Government ministers and senior officials revealed a clear preference for CSOs focused on uncontroversial service delivery activities (providing healthcare or education or clean water), over those working on raising citizen voices and advocating for better policies. They said that CSOs that focus on service delivery are supporting the government as the people’s legitimately elected representative. They are giving people the help they need, and can attract additional aid dollars into the country for development. However, those CSOs that monitor and critique government, advocate for civic space and promote human rights, may in fact be pursuing foreign agendas or wasting resources by working in areas that do not resonate with citizens’ needs, such as public services and livelihoods.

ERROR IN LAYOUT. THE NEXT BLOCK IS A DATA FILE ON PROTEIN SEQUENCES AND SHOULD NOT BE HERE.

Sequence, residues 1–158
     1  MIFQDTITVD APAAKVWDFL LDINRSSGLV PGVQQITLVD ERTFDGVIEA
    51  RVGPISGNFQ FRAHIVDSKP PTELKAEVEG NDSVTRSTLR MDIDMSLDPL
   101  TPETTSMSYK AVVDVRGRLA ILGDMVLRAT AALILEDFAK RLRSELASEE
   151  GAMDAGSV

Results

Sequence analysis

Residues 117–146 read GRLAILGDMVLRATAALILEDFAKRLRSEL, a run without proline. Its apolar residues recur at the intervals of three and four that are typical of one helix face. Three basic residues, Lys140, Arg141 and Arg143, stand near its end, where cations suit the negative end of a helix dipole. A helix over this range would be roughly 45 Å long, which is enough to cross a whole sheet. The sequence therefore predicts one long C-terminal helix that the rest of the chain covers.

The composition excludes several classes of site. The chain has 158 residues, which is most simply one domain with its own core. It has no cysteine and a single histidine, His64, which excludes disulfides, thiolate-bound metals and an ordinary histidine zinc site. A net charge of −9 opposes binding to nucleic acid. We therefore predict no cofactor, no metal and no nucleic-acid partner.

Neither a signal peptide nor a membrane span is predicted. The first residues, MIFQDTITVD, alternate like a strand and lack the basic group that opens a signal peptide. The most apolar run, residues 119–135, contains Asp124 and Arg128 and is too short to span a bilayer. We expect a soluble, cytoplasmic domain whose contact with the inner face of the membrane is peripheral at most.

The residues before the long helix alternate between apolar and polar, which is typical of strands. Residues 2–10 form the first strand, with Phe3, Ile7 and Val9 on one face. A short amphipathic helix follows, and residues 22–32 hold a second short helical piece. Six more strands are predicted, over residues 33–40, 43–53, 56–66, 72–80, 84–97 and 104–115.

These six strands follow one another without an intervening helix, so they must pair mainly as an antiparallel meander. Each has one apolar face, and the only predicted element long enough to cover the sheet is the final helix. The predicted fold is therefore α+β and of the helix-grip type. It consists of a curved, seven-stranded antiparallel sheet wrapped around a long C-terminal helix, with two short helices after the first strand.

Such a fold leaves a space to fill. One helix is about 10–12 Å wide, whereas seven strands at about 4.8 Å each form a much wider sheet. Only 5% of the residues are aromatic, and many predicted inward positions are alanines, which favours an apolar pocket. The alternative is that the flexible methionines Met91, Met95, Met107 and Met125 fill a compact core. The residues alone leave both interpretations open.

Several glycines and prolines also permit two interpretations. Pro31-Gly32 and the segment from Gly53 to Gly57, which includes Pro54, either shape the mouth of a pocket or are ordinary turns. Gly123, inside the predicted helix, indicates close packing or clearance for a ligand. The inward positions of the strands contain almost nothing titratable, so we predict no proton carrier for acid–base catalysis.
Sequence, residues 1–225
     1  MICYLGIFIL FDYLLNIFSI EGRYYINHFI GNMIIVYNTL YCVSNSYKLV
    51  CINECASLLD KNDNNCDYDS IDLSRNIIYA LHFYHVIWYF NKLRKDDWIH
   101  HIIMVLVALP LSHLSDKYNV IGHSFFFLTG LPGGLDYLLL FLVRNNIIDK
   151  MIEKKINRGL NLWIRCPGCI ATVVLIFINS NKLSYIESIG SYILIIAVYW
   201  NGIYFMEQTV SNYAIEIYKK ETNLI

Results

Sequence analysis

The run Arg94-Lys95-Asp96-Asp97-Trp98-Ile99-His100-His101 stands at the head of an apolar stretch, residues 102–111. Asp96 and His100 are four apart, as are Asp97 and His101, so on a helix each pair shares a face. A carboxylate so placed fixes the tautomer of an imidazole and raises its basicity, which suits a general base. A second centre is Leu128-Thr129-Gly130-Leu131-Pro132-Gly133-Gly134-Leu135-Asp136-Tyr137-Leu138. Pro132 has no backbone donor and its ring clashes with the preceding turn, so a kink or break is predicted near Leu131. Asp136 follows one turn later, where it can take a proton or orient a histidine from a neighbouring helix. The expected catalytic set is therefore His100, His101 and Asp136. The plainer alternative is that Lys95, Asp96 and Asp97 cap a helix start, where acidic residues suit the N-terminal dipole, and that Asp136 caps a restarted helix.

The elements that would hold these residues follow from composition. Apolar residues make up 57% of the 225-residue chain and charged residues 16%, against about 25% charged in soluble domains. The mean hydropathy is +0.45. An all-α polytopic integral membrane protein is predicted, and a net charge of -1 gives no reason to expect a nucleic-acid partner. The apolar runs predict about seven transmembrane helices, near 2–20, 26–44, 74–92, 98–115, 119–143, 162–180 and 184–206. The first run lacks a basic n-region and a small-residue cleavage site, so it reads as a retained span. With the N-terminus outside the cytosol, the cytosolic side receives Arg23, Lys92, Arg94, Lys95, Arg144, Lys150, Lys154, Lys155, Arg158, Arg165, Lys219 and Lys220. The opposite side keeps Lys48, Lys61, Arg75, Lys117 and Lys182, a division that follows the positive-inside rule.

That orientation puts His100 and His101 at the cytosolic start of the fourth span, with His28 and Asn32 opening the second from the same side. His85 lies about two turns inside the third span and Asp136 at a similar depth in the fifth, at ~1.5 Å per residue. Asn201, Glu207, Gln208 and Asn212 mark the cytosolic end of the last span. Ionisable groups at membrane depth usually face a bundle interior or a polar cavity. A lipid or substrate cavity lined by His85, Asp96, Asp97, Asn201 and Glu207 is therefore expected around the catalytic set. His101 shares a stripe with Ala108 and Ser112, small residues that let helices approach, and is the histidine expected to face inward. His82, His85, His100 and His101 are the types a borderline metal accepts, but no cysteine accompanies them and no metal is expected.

I also heard many CSOs worrying that limiting their activities to providing services makes them little more than handmaids to government and reduces citizens to mere subjects. Championing the causes of social justice, equality, shared responsibility and rewards has them working to ensure people are free citizens.

But this is a simplistic, though long-standing distinction, and I think it misses the point. For the ‘uncontroversial’ services to be delivered well to those needing them most, civic space must, crucially and contentiously, be open.